Saturday, November 27, 2010

Students on the streets. Well-being? Tuition fees - Cameron, Clegg & Werner

It is a bleak cold November and anger is spilling into English streets at raised tuition fees. Students are giving Nick Clegg Deputy UK Prime Minister a particular roasting following his pledge not to raise the fees at the May election. At the same time Prime Minister David Cameron has launched a new way of measuring the nation's success. He calls it measuring well-being and it is to run alongside the usual economic measures, such as GDP.  It will look at how our lives - our quality of life - is improving, how much control we feel we have over our life and surroundings, how good our relationships are, and so on. 

Prof Richard Werner in his book New Paradigm in Macroeconomics (Palgrave Macmillan 2005) writes: 
Neoclassical economics is built on the fundamental axiom that  the main motivation and goal of mankind is to accumulate more material wealth....reforms inspired by neoclassical economics have failed to make people happy. Instead there is evidence that they have become unhappier as a result...Educational reform, endorsed by neoclassical thinking has saddled students with substantial debt. Psychologists have found that this is a main source of depression among students. (pp14-15)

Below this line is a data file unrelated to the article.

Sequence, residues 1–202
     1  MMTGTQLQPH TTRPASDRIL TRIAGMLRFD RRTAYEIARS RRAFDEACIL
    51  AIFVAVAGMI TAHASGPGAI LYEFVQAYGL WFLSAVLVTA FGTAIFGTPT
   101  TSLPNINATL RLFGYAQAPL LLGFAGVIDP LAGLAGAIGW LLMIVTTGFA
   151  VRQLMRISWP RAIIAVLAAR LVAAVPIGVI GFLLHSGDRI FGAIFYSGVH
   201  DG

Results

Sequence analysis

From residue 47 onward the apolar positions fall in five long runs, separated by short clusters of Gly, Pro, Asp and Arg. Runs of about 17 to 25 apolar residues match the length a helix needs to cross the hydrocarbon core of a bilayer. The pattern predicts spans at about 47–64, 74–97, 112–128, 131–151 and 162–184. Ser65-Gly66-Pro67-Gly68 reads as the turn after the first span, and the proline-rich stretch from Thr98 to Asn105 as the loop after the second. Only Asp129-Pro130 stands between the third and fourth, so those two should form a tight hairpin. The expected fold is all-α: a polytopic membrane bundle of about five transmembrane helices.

Fortunately there is a way to resolve Cameron's bold vision and Clegg's fees problem. It is to be found in Werner's book, where he deals with fundamental issues such as: 

1) How we allow banks to skew the resources of the nation to their own ends. [See also Martin Wolf in the Financial Times 9 Nov 2010: 'The essence of the contemporary monetary system is creation of money, out of nothing, by private banks’ often foolish lending'.]

(2) How we could redirect economic matters to bring a greater fairness and well-being. He writes:
'Every childbearing family could, for instance, be paid $100,000 for each child born,...administered... for specific purposes. Such a policy would not be inflationary: among all inputs into the production function, human resources are by far the most important. Therefore this is the best example of productive credit creation, as long as resources are also spent on a high level of education.'  (pp340-341)

If GDP is to grow, education must be encouraged. If education is to grow, students must not be deterred by tuition fees. Read Werner and find out how we could achieve both and how to start David Cameron's new well-being meter whirring. It would make Nick Clegg happier too.
posted by Charles Bazlinton
Read The Free Lunch - Fairness with Freedom - its all about well-being. Amazon or click here

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